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Monday, June 21, 2010
ESPNsoccernet: June 22, 12:11 PM UK
Ronaldo reigns supreme

Jayaditya Gupta

The match began in cold and wet conditions, the temperature hovering at 12 degrees, but the contest on the pitch - with both sides committed to attack - produced enough heat to warm the most rigid of pessimists. As the rain stopped and the sun emerged through the grey, a shower of a different kind broke out. Portugal, enjoying the relative warmth, restored footballing order; after spurning half a dozen chances in the first half, they scored half a dozen goals in the second and could have had more. • Brassell: Queiroz shows his worth
• Queiroz pledges more ambition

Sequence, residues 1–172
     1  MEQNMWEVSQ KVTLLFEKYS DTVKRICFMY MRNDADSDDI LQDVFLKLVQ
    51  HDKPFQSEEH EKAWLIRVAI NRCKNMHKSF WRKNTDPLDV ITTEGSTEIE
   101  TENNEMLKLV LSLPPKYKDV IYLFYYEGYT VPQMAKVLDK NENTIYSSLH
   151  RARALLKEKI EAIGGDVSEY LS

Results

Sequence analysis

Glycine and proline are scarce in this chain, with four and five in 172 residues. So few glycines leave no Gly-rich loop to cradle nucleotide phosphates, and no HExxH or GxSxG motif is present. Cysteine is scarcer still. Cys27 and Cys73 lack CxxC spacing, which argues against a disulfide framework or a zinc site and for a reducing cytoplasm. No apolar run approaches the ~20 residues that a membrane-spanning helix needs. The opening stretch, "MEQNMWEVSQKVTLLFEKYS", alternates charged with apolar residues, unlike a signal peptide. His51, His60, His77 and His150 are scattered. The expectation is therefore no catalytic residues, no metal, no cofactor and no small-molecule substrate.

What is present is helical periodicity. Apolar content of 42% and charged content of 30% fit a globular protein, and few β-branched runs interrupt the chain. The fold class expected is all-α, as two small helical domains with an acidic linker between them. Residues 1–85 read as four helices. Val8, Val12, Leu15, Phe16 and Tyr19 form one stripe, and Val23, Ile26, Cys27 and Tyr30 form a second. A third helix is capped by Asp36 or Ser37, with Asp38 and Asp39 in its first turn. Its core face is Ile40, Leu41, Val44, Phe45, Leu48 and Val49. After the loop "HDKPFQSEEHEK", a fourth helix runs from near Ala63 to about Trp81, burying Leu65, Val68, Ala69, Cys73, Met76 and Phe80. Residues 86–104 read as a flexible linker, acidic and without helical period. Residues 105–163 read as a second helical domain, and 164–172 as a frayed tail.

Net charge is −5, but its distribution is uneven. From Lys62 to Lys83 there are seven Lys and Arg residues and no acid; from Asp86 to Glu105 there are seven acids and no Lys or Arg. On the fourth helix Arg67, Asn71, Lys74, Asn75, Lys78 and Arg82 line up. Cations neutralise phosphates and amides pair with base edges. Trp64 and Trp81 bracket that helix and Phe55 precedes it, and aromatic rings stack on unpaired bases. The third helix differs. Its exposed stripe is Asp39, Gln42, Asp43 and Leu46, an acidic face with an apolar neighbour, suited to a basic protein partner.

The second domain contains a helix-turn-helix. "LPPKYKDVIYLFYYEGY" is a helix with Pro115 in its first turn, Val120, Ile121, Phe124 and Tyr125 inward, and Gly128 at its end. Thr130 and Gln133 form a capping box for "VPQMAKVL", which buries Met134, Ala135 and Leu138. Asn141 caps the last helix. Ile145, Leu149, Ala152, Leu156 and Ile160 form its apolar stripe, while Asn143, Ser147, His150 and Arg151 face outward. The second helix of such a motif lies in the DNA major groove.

• Gallery Photo Gallery North Korea were beaten, indeed battered, but not embarrassed. It takes two teams to produce a game as thrilling as this and if the scoreline was heavily one-sided it was partly because North Korea retained until the end their attacking plan - though abandoning any defensive formation and playing instead with a certain naivety. Had they parked the bus in the middle of the field, as had been feared, things might have been different. Might. Because it would have taken more than a bus parked in midfield to stop Cristiano Ronaldo in arguably his most commanding performance on such a big stage. He has long been accused of not delivering in the biggest of matches - witness the 2009 Champions League final - but he ended the debate emphatically on Monday. He notched up more shots on goal than the entire North Korean team and roamed the pitch creating chances for others. Beginning the game on the left, he sashayed across the park right through the second half, spraying passes in all directions. Constantly demanding the ball, even in the tightest of areas, he was rarely profligate with his passing. Shedding the sulks and shrugs, the pouts and protests, he played the part of leader to perfection - even suggesting that the man of the match award should have gone to two-goal Tiago. From before the start, when you saw him smiling during the national anthem, you sensed it was going to be his day. On Sunday, asked by a female reporter when he would score, he had one word: "tomorrow", and followed it up with a wink. He kept his word and, though his goal was the sixth, he had a hand in most of the others and kept the pressure on North Korea so that they wilted. He began early, with a surging run in the third minute that ended in a powerful shot that was well saved. One of his last touches, with his team already seven up, was a beautiful reverse flick that carved open the Korean defence. In between, trading superfluity for subtlety, there were the trademark surging runs when he almost dared the defenders to take him on; one, with four goals in the can, saw him pick up the ball from midfield and beat a defender who had a start on him. And always, always, he was looking goalwards. One moment in the last 20 minutes summed it up: Chasing the ball near the left byline with a team-mate and a Korean defender, he spotted the opponent shaping to pass the ball back to the 'keeper. In a flash he broke away and charged towards the 'keeper, unnerving him so that he fluffed his clearance. It helped that the supporting cast was in equally sublime form, none more so than Tiago - whose first came following a lung-bursting run down the left by Ronaldo, with the defence at sixes and sevens - and Fabio Coentrao. The latter partnership will be especially pleasing to Portugal and their coach Carlos Queiroz; there was excellent chemistry between the young left-back and his skipper though he will want to improve on his finishing. Having played with such beauty it was ironic that Ronaldo's goal was more or less bundled into the net after bouncing on his back and his head. But that, too, was a result of his predatory instinct, chasing a loose ball in the area and beating the 'keeper to it. It ended a two-year international drought, as he emphasised on Sunday, and will have boosted his confidence - if indeed he ever suffers from a crisis of confidence - following a domestic season that didn't live up to the highs of the two that had gone before it. In truth it was always going to be difficult living up to the label of the world's most expensive footballer given that the world's current best player is effectively priceless. The price tag was one issue; the other was the notion that he could continue the amazing form that shepherded - often single-handed - Manchester United to those three Premier League titles on the trot. He's been lying low for a while now but Ronnie's back. Next up: A showdown with Luis Fabiano, Robinho and the rest of the samba boys. That's the really big stage he will have to dominate.


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